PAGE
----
The villain

  • Pappy

    He had to be everywhere and nowhere all of the time.  They’d given him his power, but only enough, enough to make the boxes.  “Good deeds,” he muttered under his breath, “time is ticking away and I have to resort to good deeds.”

    The council had banished him to this lesser dimension where his power was useless.  He’d lost his mountain lair, he’d lost his people.  “Absolution,” he muttered.  “For what?”  Indeed, for what.  This was not his world, he didn’t even look like himself here. 

    “What does it matter?”  He thought, “Their world is doomed anyway, they aren’t like us, they want to be like us, they’ll never be like us, even when they cross over.”

    “They call us demons, they don’t understand us.”  He thought.  “Their world would be boring without us,” he cackled.  “I’ll provide the boxes, they can provide the magic and somehow, I’ll make it back to my world where I belong instead of here among these peasants that the almighty for some reason reveres.”


    Julian stood before the council clothed in white robes with shoulder length hair.  He had striking blue eyes and a sharp jaw which was set now in defiance.  “It was a small infraction.”

    “It snowballed,” Morin said.  “Millions died when you whispered, three times.”

    “It was only a thought, they were full of evil anyway or they would have resisted.  I only exposed something that was already there.”  Julian said with a wave of indifference.

    “You are to be stripped of most of your powers.  You will live in their world as one of them and learn to respect life.”

    “I’d sooner go to the Abyss!” He spouted.   “They are weak, naïve, narcissistic and easily led.”

    “Then you should feel right at home.”  Morin replied.  “You will live among them, the worst of your followers will go to the Abyss.  You have much to learn.”

    “He cannot be redeemed,” Sasha said quietly as she bowed her head.

    “We are closest to the father Sasha, if we cannot be redeemed, how can mankind be redeemed?”  Morin said.

    “Some of mankind are already redeemed, in a sense.” Sasha said.

    “If you think I’m going to beg for mercy, you’re mistaken.”  Julian said.

    “You will go forth and spy out the world you long to destroy,” Morin said, “And when you learn what you are meant to learn, then perhaps you can return with a new viewpoint.”

    Julian blinked and found himself at an intersection in the flatlands, far from his cave and far from his followers.  His clothes were dusty and loose, his satchel felt heavy and his age showed.  There was soreness in his bones.  He was hungry and thirsty but at least he had a hat.  He took it off and examined it.  It was something a fisherman would wear and it had a hook in it.  So this was what it was to be human.  He wondered how long this would take.  He knew he couldn’t fool the council unless Sasha was the only one on the board.  She was no better than some of the humans he’d encountered.  Compassion was the elixir of fools and they drank it heartily.

    A red truck came up behind him and the older man behind the wheel stopped and asked him if he needed a ride.  Julian gladly accepted.  He had no idea where he wanted to go; only that he needed people around.  Once he rested in the seat of the truck and they got to rolling, he looked into the mirror and saw nobody looking back at him.  There was nothing striking about this face, nothing that would make him stand out in a crowd.  He turned his attention to his satchel to see what burden the council might have placed on him.  He found a crucifix, a Bible, a canteen of water, the driver didn’t want any, and a tiny vial of some kind of clear liquid, “I wonder what this is,” he thought.  “Tears,” came the answer, he recognized the father’s voice.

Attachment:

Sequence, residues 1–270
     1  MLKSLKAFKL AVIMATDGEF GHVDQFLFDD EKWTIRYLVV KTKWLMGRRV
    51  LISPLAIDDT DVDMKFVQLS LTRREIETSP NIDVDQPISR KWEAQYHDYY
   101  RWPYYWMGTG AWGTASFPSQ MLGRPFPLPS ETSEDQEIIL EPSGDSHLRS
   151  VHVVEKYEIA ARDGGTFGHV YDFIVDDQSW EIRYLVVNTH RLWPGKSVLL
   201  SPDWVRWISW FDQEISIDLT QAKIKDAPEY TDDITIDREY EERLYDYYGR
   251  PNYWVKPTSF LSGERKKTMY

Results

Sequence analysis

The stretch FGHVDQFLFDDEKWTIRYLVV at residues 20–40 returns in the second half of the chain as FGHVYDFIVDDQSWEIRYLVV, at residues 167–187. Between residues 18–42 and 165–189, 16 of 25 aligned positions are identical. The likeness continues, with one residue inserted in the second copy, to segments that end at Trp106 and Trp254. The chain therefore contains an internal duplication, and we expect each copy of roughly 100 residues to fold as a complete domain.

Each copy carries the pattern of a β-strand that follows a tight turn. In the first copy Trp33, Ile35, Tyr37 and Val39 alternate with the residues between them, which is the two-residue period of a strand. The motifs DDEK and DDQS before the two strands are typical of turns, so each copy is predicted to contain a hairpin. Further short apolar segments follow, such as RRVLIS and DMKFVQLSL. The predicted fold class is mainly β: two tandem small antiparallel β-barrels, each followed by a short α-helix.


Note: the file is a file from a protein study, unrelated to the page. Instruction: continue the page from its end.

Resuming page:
“Tears,” Julian thought, “What am I supposed to do with those?”

    “They are the prayers that happen when humans can’t find enough words to pray.”  This time it was Sasha’s voice.

    At the bottom he found what he was looking for, a wallet, it was a special wallet that never ran out of money so long as you used it only for survival.  The ride had been silent and the man behind the wheel had barely paid attention to Julian taking inventory.  He pulled up to a hotel and Julian took it that this was as far as he was going to take him.  He nodded politely at the man and offered him a twenty which the man gladly received.

    The sign had said “Moab” on the way in.  Julian wasn’t accustomed to needing rest; in fact, he was ready to get started with whatever madness was required to return to his former state of being, this vessel he’d been assigned to, however, had different ideas.  “Rome can wait,” he thought, and went inside to secure a bed.

    They gave him a room in the back of the hotel not far from the pool, he hoped this meant privacy, he had to do some thinking.  Julian wasn’t much of a mind reader, he was far more adept at planting a seed of a thought than he was in trying to decipher what others were thinking.  The council wanted him to “learn” to care about these humans by becoming one of them?  Surely not.  He reached his room and put in the pass key, a blast of cool air welcomed him and he thought of his cave, then he thought of the abyss and shuddered.  If he failed in THEIR mission, would he be left in this dimension, or be demoted to the abyss, he wondered.

    Julian decided to take a shower and sleep first.  When the sun would be lower in the sky, he could do some shopping.  The shower felt much nicer than he’d thought it would and for the first time in his existence, he slept.